Blushing is the reddening of the skin of the face, the word is often used when the redness corresponds to an emotional response to certain anxiety-producing emotions like shame, guilt, anxiety, nervousness or modesty. The blush can also be associated with states of infatuation.
If the redness continues for a prolonged period after having blushed, then it may relate to symptoms suggestive of rosacea.
There is a medical condition called idiopathic craniofacial erythema, in which someone blushes with great intensity against a very small stimulus. It is associated with a strong phobia of social interaction.
Eritrofobia (literally "fear of redness") refers to the flush of pathological nature.
Eritrosis (from "red cell" and "-osis") f. Exaggerated tendency to blush.
Cuperosis is the dilation of blood vessels that supply the dermis in the form of branches or spider web.
Telangiectasia is the dilation of the veins near the surface of the skin that look like spider.
Anatomy physiological blood flow in human skin
Blood flow on the skin has the function to carry nutrients to the skin and regulate body temperature. The higher skin blood flow, the greater the amount of heat that radiates. The restriction of blood flow on the skin reduces heat loss from the body, which is an important element in a cold environment.
The circulatory system of the skin contains three major types of channels through which blood flows that allow fulfilling the two tasks mentioned previously.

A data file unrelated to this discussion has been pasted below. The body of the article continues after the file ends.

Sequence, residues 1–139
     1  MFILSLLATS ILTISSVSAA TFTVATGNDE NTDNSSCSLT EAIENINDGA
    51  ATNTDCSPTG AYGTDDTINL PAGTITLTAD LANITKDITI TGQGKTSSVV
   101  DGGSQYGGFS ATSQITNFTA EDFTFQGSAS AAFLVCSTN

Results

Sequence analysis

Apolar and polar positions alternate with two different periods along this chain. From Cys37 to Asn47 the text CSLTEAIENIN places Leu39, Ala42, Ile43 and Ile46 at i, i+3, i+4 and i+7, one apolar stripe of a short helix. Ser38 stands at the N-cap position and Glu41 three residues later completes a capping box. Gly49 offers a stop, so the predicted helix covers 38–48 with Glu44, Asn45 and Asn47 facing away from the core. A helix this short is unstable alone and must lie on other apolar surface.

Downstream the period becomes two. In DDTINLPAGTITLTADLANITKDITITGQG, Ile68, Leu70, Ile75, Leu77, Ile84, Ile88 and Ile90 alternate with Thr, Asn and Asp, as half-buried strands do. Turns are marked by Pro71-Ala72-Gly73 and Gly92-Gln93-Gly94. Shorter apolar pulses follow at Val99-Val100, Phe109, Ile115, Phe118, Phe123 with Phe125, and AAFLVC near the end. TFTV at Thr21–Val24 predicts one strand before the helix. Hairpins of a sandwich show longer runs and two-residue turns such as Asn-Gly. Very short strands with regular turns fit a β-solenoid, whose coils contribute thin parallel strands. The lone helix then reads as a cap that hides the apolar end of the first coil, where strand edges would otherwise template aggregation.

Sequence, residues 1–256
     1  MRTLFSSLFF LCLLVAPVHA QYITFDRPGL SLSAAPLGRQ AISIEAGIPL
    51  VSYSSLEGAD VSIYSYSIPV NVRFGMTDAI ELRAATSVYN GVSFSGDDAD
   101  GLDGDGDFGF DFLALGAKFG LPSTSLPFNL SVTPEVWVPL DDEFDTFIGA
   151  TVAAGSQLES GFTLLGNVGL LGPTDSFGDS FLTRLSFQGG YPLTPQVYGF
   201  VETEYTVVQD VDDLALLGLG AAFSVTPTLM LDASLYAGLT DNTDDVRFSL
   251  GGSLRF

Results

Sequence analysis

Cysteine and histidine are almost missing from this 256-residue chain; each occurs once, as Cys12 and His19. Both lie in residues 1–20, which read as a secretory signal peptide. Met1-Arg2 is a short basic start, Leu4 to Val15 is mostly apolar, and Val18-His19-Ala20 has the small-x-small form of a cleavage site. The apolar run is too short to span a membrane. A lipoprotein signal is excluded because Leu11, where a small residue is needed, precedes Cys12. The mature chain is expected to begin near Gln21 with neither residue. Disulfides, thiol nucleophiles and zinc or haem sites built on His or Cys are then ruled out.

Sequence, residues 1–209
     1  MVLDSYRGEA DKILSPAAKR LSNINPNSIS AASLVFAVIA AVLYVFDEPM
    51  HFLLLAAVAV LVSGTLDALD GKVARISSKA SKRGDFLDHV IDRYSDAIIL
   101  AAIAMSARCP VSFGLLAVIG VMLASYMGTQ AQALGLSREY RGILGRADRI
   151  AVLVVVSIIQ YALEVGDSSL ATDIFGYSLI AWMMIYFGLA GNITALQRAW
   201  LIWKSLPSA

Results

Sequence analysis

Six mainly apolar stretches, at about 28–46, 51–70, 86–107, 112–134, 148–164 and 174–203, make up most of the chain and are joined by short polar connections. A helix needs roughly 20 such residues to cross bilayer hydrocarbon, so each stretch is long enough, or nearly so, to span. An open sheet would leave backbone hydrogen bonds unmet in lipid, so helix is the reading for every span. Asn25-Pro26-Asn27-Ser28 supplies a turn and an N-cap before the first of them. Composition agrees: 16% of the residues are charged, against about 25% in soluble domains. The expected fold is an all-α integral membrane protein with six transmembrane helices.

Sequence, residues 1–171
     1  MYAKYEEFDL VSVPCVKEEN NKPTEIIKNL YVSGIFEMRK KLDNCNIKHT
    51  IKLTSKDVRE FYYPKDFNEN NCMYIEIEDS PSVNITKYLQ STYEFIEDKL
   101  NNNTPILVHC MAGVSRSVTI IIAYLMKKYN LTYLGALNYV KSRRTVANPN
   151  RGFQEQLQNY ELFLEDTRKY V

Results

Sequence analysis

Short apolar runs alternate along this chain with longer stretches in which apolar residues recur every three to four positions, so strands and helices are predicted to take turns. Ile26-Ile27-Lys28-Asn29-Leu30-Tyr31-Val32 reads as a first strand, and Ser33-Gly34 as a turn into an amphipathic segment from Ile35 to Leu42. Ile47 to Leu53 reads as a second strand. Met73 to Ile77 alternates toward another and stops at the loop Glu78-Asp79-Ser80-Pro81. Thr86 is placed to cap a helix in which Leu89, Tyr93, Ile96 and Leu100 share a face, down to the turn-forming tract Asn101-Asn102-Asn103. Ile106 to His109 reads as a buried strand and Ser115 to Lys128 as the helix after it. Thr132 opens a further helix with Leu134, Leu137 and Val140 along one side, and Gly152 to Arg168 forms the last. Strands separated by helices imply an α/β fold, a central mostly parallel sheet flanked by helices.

The first type are arteries, capillaries and veins that serve mainly the function of providing nutrients. The second type is the subcutaneous venous plexus that plays an important role in heat conduction, and contains a significant fraction of the skin blood volume.
The third type consists of sets of arteriovenous anastomoses found in those parts of the body especially exposed to conditions of maximum cooling like the hands, feet, nose, lips and ears. These areas are called apical structures and have a high irrigation.
The bodies anastomoses connect arterioles and venules skin directly, to play an important role in reducing blood flow in cold environments (Rowell. 1993, Guyton. 1981; Rowell. 1974).
Regulation of skin blood flow
The blood flow in cutaneous resistance vessels and subcutaneous venous plexus are regulated both at neuronal and local levels. However, there are some important differences between them.
One is that cutaneous resistance vessels exhibit a basal tone independently of innervation in reaction to passive stretch Porla induced blood pressure (Rowell. 1974). Usually this intrinsic basal tone is not present in skin capacitance vessels.